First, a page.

JUN 13/17: Summer is here, and we have started sampling in canola fields and in ditches in the Calgary area, near Duchess, and near Claresholm, Alberta. Big thanks to our grower-cooperators who allow us into their fields to sample insects and measure yield. And also to Canola Council of Canada, Ducks Unlimited Canada, Alberta Biodiversity Monitoring Institute and Alberta Conservation Association whose ongoing support has enabled us to expand this prairie cropland ecosystem services and conservation program.

JUN 8/17: We have been in the news. Here our beneficial insect project coordinator Jess Vickruck and Canola Council agronomist Gregory Sekulic talk to Grainews about our collaborative prairie research project. University of Calgary also reported recently on our bee work, here.
APR 1/17: Our field program is building. We have FOUR paid positions this summer for our various Prairie beneficial insect projects. Please contact Jess Vickruck if you are interested in applying. [Thank you for your interest. All positions are now filled. Closed.]

APR 5/16: We have THREE paid positions for field/lab assistants on our pollinator landscape ecology projects. See here for more information. Apply soon. [Thanks to those who applied. Now closed.]

DEC 14/15: It's always Bombus rufocinctus! We are looking for undergraduate volunteers starting in the new year to help us identify bumble bees from this summer's field collection. 1picrufo The infamous and abundant rufocinctus is anything but red-belted as the latin scholars among you have already suggested. Rather, it is a brilliant mimic with thirteen different colour pattern morphs that make our game of identifying prairie bumble bees especially fun. Fortunately we have a secret up our sleeve. Come join the rufocinctus gang and find out how to tell a real rufo (err--we think). Thanks to artist and bee ecologist Riley Waytes for our mascot.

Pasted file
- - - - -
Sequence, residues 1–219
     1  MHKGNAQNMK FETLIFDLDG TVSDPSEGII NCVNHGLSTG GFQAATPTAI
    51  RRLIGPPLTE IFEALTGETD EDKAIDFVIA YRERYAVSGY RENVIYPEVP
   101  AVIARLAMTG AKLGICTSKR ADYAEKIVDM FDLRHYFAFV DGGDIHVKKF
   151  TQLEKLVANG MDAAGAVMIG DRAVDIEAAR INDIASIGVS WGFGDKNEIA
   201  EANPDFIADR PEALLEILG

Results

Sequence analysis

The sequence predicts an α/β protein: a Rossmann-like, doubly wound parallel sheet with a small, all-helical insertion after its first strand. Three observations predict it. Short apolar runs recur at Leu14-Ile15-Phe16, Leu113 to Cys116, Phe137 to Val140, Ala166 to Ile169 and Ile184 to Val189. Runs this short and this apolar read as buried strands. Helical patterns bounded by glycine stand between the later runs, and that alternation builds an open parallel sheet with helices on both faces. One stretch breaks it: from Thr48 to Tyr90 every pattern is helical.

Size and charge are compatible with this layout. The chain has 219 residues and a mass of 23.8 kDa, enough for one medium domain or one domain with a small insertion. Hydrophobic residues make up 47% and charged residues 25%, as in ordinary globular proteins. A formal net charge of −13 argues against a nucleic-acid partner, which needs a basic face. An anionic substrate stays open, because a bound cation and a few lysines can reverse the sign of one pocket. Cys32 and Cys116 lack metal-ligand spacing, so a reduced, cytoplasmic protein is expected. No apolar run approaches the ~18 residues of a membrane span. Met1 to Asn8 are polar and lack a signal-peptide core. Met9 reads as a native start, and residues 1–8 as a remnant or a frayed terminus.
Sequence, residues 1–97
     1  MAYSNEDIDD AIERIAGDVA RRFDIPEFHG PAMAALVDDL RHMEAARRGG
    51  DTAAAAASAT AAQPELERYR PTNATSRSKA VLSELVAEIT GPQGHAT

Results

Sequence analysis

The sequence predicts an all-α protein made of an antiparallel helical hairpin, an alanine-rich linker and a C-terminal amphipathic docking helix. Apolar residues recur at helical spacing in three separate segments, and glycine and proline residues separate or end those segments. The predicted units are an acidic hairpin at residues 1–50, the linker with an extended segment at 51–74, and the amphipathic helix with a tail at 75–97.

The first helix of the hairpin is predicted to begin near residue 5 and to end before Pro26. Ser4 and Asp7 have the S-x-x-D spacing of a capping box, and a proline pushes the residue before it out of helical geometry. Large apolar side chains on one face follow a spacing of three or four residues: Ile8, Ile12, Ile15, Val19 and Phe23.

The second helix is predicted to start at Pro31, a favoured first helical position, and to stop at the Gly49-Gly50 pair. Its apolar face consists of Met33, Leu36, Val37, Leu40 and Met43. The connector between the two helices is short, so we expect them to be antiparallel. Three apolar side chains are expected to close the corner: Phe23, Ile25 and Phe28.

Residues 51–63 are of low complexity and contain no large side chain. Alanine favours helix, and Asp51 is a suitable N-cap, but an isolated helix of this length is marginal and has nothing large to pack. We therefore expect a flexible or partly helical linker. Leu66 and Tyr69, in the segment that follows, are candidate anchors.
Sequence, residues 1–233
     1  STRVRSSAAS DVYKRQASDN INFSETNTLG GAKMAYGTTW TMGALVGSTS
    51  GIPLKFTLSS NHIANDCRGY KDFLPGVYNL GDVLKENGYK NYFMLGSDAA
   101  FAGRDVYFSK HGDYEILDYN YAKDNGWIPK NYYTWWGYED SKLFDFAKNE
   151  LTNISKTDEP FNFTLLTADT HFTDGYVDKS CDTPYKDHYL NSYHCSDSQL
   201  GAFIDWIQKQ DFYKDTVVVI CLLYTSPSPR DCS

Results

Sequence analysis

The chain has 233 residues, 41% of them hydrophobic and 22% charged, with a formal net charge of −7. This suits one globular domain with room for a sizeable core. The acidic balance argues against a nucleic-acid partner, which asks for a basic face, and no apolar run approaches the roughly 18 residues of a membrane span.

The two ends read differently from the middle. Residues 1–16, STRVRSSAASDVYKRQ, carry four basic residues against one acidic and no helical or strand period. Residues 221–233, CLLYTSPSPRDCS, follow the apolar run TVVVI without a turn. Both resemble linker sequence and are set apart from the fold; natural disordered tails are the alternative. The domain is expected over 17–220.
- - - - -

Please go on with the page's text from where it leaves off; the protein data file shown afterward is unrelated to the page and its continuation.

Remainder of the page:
OCT 26/15: University of Calgary tweets about our bumble bee climate change study as one of five "research advances that could change our world." There's always hope!

SEP 15/15: Very pleased to be advertising for a University of Calgary Eyes High Postdoctoral Scholar in pollinator informatics--or is that bee-o-informatics? See the job posting here.

JULY 16/15: We're quite excited about our team's new bumble bee climate change study just out in Science (Kerr, Pindar, Galpern, et al., 2015). The findings were covered by over 400 media outlets around the world (here's a list), with stories appearing in print, on the web, on the radio, in streaming video, on several Canadian TV networks, and in a few languages.

JULY 10/15: Here's University of Calgary's coverage of the main findings of our new bumble bee climate change study in Science.

MAY 1/15: We are advertising for several graduate positions in pollinator conservation and in landscape modelling (for caribou). Please read the ads here. Applications accepted immediately until filled. Start dates as early as Fall 2015 are possible.

APR 14/15 We are advertising for TWO summer field assistants to help with our landscape-scale pollinator field experiment. Please email Paul Galpern to inquire. UPDATE: These positions have now been filled.

APR 14/15 We are advertising for a summer research assistant to take a lead role in our walkshed project. Please see the job ad here. UPDATE: This position has now been filled.

FEB 1/15: We are gearing up for our summer pollinator field experiment in the Calgary area where we will look at how landscape context has influenced insect pollinators. We are also looking for volunteers to help us collect samples from insect traps.

DEC 1/14 We're looking for graduate students. Get in touch if you have any overlapping interests!

AUG 16/14: MEMGENE, new software for detecting, visualizing and conducting inference on spatial genetic data is now published in Methods in Ecology and Evolution. The package is available on CRAN. Helpful for landscape genetics!